By Melissa McCullough Photos Yanni
Born in Singapore of Swedish parents and spending part of her childhood in South Korea, Mornington Peninsula travel editor and entertainment industry promoter Kristina McGhee spent her childhood travelling the world with her parents. Growing up, Kristina would be fascinated by the tales told, and of their amazing and diverse trips. This later instilled in her a continuing interest in peoples and cultures which led to her gaining a degree in Social Anthropology.
At the beginning of 2020 her Airbnb in Rye was constantly booked out and she spent her days cleaning it and preparing the linen for the new guests. She was also a co-ordinator of foreign exchange high school students who had come to Australia from Italy, Sweden, Germany, France, Austria, Denmark, Finland and Norway. Arriving in July 2019, their 10 months abroad should have continued until the end of May 2020.
“There were bookings. There were students. There were gigs. There was travel to write about. The income was flowing. Life was normal”, says Kristina.
Then the corona virus hit Victoria.
Kristina recalls, “It took some time to get flights arranged for those students who decided to leave. The dilemma was that if they chose to stay it would mean their travel insurance would not cover their medical here plus their student visas would be invalid and eventually run out as all the schools were closing.” With the worry in their minds building, and after many tears and lots of uncertainty with flights, they all ended up going home.
“I was then faced with having no usual income. Promotions for the music and entertainment industry had stopped with all gigs cancelled and theatres closed, and I also couldn’t really work at writing travel itineraries as no one could travel”, said Kristina.
There was also a void left from not being able to do any of the things she would usually do to fill her days, which she quickly remedied with the aid of JobSeeker. These payments enabled her, like many Victorians, to pay her bills, and get into some pastimes that ‘regular life’ might not permit time for.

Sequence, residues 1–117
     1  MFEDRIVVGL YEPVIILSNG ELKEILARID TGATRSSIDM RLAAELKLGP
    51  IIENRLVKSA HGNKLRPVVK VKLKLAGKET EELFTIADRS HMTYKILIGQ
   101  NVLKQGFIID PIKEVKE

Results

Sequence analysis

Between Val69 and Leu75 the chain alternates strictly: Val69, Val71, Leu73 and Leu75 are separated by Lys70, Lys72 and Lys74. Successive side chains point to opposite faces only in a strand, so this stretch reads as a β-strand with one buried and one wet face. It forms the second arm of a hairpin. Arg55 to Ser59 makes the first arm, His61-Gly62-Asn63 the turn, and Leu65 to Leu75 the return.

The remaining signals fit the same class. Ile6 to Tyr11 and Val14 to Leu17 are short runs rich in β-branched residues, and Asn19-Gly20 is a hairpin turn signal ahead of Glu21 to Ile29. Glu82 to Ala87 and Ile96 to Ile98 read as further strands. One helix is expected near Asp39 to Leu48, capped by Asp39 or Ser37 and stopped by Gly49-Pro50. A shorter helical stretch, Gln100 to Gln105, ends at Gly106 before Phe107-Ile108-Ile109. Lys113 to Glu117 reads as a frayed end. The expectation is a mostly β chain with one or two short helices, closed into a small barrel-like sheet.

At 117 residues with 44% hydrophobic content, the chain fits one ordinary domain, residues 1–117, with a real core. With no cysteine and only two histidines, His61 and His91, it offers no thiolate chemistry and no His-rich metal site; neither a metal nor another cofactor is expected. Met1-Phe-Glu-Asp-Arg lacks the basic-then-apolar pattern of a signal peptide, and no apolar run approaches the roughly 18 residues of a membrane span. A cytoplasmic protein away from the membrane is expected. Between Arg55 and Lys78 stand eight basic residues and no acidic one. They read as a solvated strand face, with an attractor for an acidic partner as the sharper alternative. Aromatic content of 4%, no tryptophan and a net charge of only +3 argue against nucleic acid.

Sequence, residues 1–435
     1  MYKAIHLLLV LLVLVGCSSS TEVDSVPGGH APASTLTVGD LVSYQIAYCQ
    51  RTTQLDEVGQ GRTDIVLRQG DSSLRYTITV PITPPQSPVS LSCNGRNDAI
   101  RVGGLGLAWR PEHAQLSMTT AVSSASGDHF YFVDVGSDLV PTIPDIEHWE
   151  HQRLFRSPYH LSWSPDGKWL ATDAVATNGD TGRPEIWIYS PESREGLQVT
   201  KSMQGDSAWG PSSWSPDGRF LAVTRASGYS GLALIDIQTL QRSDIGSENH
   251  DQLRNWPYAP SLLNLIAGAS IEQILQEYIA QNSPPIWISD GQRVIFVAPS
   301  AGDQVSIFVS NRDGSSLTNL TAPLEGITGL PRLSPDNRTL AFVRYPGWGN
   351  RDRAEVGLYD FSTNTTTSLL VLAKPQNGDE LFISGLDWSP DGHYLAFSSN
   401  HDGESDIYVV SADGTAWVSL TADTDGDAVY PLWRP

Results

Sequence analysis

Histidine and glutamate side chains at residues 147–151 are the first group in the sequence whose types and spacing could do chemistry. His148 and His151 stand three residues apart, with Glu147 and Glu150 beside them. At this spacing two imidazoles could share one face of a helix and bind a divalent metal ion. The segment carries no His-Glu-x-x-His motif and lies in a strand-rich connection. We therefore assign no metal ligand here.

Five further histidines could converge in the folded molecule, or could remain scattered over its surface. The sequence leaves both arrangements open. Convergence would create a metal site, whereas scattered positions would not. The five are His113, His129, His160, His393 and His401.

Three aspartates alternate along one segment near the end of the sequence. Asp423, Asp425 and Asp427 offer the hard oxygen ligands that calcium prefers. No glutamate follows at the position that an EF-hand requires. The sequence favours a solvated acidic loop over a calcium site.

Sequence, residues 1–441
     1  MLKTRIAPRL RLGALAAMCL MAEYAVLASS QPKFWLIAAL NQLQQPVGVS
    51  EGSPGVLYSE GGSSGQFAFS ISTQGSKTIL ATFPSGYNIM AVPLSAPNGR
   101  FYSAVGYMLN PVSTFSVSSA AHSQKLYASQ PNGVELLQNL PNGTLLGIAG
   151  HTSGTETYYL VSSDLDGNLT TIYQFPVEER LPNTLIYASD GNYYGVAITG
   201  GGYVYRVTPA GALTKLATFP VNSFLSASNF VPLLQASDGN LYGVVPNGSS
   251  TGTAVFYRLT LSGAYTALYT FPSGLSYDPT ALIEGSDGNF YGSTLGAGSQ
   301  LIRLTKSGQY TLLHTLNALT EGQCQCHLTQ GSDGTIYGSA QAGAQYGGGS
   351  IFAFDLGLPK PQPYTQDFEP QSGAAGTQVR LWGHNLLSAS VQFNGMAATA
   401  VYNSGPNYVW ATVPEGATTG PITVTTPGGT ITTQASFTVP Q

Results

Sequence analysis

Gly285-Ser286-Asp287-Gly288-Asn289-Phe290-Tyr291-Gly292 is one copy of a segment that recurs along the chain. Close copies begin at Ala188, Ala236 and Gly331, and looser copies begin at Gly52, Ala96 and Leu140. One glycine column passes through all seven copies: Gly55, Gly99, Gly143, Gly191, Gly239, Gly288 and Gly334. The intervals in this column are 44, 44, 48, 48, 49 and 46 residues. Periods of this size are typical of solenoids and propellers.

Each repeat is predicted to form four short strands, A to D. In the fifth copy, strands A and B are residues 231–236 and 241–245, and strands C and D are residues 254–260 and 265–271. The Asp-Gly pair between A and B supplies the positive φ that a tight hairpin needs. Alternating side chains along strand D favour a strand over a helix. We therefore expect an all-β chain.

One memorable time was in August when, with four friends, she helped to organise an event called Spark in the Dark. “This event was spurred on by the sudden death of an American actor, singer and good friend who was only 53 and died from COVID-19.” With only two weeks to set it up, Spark in the Dark was to honour all the frontline and health care workers. It was for all Victorians to light a candle or torch, turn all their lights off in their own homes, for one minute at 7.30pm on Saturday August 29, to say thank you.
“The response from the entire state was amazing. We received photos from all over. It showed us how many people were grateful for all of those who put their lives at risk daily, some of them wearing full PPE outfits for up to twelve hours a day.”
After hearing so many stories of frontline workers Kristina realised that there were so many aspects of this strange scenario that everyone was living through. Kristina says, “It is a moment in history that we are experiencing and hopefully may not have to experience ever again.” These tales inspired her to publish a book consisting of stories written by Australian friends describing how they felt during lockdown. With the help of a group of school friends, listed as co-authors, she managed to gather many interesting stories from all over the country. The idea then expanded to include contributions from her overseas friends and family as well. The creators of the book had friends and family who were frontline workers. They knew people who had lost their businesses, people who were stuck in other countries, people who were scared, and some who did not believe the virus existed at all. As the stories came in, Kristina assembled the experiences into an edited anthology that will forever stand as a testament to the year that was 2020.
“I’m so excited that 2020 When the World Lost its Balance has come to fruition as a keepsake and a historical record for future generations”, said Kristina.
Like the stories in the collection, Kristina has forgone many occasions. She missed a cousin’s reunion in Sweden. She was supposed to be in Greece in August and then meeting her daughters in Barcelona in the September school holidays. But through it all she kept very busy.
She goes on to say, “Lockdown wasn’t so bad for me; and as I read through all of the stories, I realised more and more that I’m a very lucky one.”
2020 When the World Lost its Balance is currently available from selected bookshops and online from: twotailspublishing.com